Flag of Angola
This article needs additional citations for verification. (February 2011)
|Adopted||11 November 1975|
|Design||Two horizontal bands of red and black with the Machete and Gear Emblem in the center.|
|Designed by||Henrique de Carvalho Santos|
The national flag of Angola came into use when Angola gained independence on November 11, 1975. It is split horizontally into an upper red half and a lower black half with an emblem resting at the center. It features a yellow half gear wheel crossed by a machete and crowned with a star.
The Angolan flag is based on the flag of the Popular Movement for the Liberation of Angola (MPLA), which fought Portuguese colonial rule and emerged as the ruling party of Angola following the Angolan Civil War. The MPLA flag is similar to the flag of Angola but features a star in place of the central emblem.
The National Flag of the Republic of Angola has two horizontal bands of red and black with the Machete and Gear Emblem in gold in the center consisted of a five pointed-star within a half gear wheel crossed by a machete (resembling the hammer and sickle used on the Soviet flag). As outlined in the Constitution of Angola, the red half of the flag signifies bloodshed – during Angola's colonial period, independence struggle, and in defense of the country. The black half symbolizes Africa. In the central emblem, the gear represents industrial workers and production, the machete represents peasantry, agricultural production and the armed struggle, and the star, shaped like the red star, symbolizes international solidarity and progress. The yellow color of the emblem symbolizes the country's wealth. The Constitution of 1975 described the red stripe as symbolizing bloodshed during the colonial period, national liberation and a revolution – and reference to revolution was replaced with "defense of the country" in the constitution of 1992. In other changes of wording between the 1975 and 1992 versions, the star was changed from a symbol of "internationalism" to "international solidarity," and references to "working class" and "peasant class" were replaced with "workers" and "peasants".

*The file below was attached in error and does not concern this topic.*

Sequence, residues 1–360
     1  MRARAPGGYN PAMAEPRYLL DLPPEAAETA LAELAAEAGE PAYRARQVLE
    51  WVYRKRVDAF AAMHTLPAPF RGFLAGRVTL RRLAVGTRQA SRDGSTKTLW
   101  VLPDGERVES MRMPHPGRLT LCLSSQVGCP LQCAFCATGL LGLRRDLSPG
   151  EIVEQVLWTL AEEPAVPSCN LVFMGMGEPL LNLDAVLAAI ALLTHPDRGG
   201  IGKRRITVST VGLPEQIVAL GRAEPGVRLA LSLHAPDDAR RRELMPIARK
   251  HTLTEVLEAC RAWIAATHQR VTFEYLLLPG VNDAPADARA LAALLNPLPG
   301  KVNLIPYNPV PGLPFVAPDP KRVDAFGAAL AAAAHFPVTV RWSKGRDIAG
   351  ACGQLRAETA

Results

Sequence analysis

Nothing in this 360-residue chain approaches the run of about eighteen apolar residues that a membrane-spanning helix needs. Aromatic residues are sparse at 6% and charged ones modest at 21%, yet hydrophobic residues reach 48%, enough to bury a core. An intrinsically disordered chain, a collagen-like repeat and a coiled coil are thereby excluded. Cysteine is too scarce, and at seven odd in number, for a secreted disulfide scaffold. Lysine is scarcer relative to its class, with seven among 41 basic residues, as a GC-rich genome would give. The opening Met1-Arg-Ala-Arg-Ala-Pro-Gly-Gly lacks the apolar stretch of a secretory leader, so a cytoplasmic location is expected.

|Pantone||186 C||116 C||Process Black C|
In 2003, a new, more "optimistic" flag was proposed by the Parliament's Constitutional Commission of the National Assembly (Angolan Parliament), but it was not adopted. The sun design in the middle is meant to be reminiscent of cave paintings found in Tchitundo-Hulu cave. The flag maintained the same flag proportions of 2:3.
Flag proposal for the Portuguese overseas province of Angola (1967) – never used.
Flag of the former movement and now governing party MPLA
Flag of UNITA, a former movement and now opposition party in Angola
Presidential standard of Angola
- Flags of the world (2nd ed.). Buffalo, New York: Firefly Books. 2012 . p. 26. ISBN 978-1-77085-157-3.
- Flags: The visual guide to more than 300 flags from around the world. New York City: Dorling Kindersley. 1998. p. 96. ISBN 0-7894-4224-8.
- Hermínio Escórcio: O MPLA tinha um Plano B, mas preferiu pôr de lado. Jornal de Angola. 11 de novembro de 2020.
- Constitution of the Republic of Angola (PDF). Luanda, Angola. 21 January 2010. Annex I.
- Lei Constitucional da República Popular de Angola (PDF) (in Portuguese). 1975. Article 54.
- Constitutional Law of the Republic of Angola (PDF). 1992. Article 162.
- "Símbolos Nacionais da República de Angola: Manual de Normas Gráficas e Protocolares". www.governo.gov.ao. Archived from the original on 2019-09-01. Retrieved 2019-06-20.
- "Angola - proposals for a new flag". www.crwflags.com. Retrieved 2017-07-21.